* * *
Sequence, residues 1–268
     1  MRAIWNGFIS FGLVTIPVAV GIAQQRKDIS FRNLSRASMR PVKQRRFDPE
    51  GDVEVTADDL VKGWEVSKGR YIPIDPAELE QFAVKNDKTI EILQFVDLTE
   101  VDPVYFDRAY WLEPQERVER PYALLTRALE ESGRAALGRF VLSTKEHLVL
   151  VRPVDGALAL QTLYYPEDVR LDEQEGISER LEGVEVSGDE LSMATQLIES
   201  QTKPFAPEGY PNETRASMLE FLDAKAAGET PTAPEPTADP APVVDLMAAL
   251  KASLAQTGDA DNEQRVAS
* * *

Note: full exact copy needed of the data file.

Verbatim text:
Sequence, residues 1–268
     1  MRAIWNGFIS FGLVTIPVAV GIAQQRKDIS FRNLSRASMR PVKQRRFDPE
    51  GDVEVTADDL VKGWEVSKGR YIPIDPAELE QFAVKNDKTI EILQFVDLTE
   101  VDPVYFDRAY WLEPQERVER PYALLTRALE ESGRAALGRF VLSTKEHLVL
   151  VRPVDGALAL QTLYYPEDVR LDEQEGISER LEGVEVSGDE LSMATQLIES
   201  QTKPFAPEGY PNETRASMLE FLDAKAAGET PTAPEPTADP APVVDLMAAL
   251  KASLAQTGDA DNEQRVAS